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New Game Plus

Well guys, I already got optimizations done for x86_64 and ARM on the Adventure Game Studio, which is almost everything I wanted done with it anyways. All I have left is optimizing it for PowerPC, (and possibly other architectures, but I can’t think of any other ones). Anyways, my mentors and I both thought it would be better to also work on the general Graphics::ManagedSurface code and optimize that instead of optimizing only AGS code. So my plan looks as follows:

  • Clean up the Graphics::TransparentSurface code by moving its blitting functions into graphics/blit-alpha.cpp.
  • ┬áThen add the relevant blitting methods into Graphics::ManagedSurface, and then…
  • Phase out Graphics::TransparentSurface, first by removing it from the Broken Sword 2.5 engine, and then possibly removing it from the other engines.
  • Then start on a way for me to put CPU extensions detection into ScummVM so I can use SSE2/SSE4/AVX depending on what’s available (or NEON if arm7 supports it).
  • Actually implement the vectorized versions of the blitting/blending code for the new Graphics::ManagedSurface.

 

And when I finally get back to my AGS code, I will have to just make sure that it compiles on all of ScummVM’s targets (even if I didn’t specifically optimize for them, you know just in case), and try to get PowerPC to work (it was proving quite difficult as I don’t have PowerPC hardware except for my Xbox360 I guess).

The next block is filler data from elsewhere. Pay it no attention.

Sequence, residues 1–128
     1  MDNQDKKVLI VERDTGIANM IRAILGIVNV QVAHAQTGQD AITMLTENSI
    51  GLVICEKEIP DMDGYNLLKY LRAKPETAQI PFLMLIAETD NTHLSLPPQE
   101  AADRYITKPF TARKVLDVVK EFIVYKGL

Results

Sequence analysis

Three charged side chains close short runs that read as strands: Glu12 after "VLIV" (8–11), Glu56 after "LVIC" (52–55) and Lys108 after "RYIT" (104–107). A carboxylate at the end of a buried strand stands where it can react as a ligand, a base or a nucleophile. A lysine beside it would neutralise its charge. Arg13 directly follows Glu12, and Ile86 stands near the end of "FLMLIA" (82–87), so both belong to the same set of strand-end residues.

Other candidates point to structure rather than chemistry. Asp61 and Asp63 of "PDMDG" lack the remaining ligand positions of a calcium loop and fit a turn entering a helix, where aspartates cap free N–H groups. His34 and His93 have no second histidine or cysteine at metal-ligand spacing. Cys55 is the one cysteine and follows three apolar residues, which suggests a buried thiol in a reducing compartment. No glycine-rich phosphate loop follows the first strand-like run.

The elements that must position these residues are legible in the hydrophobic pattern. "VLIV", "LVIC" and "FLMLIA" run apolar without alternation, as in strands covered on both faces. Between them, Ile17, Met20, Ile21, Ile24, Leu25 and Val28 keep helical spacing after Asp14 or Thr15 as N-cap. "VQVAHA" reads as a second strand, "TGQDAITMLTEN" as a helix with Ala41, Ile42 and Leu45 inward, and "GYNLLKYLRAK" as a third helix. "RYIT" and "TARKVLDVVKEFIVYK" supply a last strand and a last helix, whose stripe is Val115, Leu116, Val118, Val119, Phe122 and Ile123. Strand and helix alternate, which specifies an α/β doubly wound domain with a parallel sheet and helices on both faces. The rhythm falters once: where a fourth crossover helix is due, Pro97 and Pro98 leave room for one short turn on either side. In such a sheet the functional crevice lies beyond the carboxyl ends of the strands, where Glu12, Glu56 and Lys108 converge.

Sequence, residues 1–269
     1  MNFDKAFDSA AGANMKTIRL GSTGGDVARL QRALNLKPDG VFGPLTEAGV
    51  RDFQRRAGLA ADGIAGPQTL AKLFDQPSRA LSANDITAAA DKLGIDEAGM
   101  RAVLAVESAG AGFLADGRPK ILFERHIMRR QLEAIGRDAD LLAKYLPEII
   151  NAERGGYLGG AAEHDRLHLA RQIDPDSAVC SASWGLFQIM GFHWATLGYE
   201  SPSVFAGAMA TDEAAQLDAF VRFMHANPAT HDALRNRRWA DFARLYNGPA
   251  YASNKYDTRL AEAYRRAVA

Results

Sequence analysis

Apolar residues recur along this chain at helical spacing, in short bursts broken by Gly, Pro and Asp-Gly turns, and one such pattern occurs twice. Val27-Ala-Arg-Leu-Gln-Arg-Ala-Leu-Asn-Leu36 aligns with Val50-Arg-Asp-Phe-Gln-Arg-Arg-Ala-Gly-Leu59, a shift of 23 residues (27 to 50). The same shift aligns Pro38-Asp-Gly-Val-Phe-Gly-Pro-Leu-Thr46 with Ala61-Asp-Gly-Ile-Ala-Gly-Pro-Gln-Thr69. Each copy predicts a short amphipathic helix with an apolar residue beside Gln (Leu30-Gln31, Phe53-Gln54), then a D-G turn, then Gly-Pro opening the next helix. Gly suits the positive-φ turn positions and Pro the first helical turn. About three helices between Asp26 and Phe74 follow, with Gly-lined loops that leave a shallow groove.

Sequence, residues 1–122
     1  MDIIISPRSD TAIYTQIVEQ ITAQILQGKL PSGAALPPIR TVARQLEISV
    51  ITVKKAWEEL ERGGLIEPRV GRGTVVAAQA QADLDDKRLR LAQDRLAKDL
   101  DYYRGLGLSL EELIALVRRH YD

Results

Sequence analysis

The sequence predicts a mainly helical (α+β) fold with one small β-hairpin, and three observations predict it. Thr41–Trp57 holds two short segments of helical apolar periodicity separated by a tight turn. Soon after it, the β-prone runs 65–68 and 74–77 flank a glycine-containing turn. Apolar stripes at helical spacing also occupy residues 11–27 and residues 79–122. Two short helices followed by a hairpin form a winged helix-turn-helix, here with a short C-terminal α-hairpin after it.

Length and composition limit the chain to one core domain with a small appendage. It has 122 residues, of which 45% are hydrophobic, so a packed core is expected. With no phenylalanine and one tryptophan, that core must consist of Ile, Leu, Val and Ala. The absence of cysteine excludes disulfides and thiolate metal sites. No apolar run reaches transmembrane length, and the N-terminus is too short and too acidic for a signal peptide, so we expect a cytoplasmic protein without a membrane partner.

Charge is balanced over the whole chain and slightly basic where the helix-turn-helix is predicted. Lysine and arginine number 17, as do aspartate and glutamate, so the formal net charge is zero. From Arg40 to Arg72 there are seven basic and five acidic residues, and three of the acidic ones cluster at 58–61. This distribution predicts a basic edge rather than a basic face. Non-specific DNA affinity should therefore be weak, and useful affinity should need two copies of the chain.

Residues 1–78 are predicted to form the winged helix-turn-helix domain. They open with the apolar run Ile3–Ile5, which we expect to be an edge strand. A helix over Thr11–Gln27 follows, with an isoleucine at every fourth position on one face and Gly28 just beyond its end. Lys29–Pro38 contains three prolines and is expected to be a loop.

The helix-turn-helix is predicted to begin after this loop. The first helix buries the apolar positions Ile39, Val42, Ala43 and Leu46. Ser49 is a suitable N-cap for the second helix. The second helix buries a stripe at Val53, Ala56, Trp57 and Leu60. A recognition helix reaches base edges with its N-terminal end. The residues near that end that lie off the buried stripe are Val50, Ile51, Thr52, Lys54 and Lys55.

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Intel and AMD!

I finally ported over my vectorized code to Intel and AMD chips! And with time to spare, because my midterm evaluations are coming up (I’d like to thank my mentors they have helped me so much, I wouldn’t have done all of this this quickly without their help). So yea where to go from now? My current plans are to port the code to PowerPC’s AltiVec extensions and make a AVX2 version of the SSE2 code I made for x86_64 processors. Other than that here are some pictures I took of weird bugs while porting the Arm NEON code to x86 SSE2 with some comments, (which these pictures are dearly needed, this blog has been quite boring without pictures).

I think this was the first picture I took. Here is what the game “Kings Quest 2: AGDI” looks like with only 32bit pixel graphics blitting (I didn’t implement 16bit pixel formats yet here)
Same build as the one above. As you can see by the water on the shore I got alpha blending working correctly, but there is some off by one error at the right of the screen where it overdraws a pixel or 2.
Yea, so when I finally did get 16bit blitting/blending working, I noticed that scaled images were being messed with a lot and well just looked completely borked.
This is probably the worst looking picture of them all. Its got the nasty off by one error and the main character looks like something is not right…

Now don’t worry, I fixed all the bugs. In fact you will be able to tell that it’s fine once my PR (#5144) gets accepted. Hopefully it makes your games run a bit faster (even if you don’t have vector extensions in your computer).

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How Testing is Going! (And How Easily Vectorize Any Algorithm)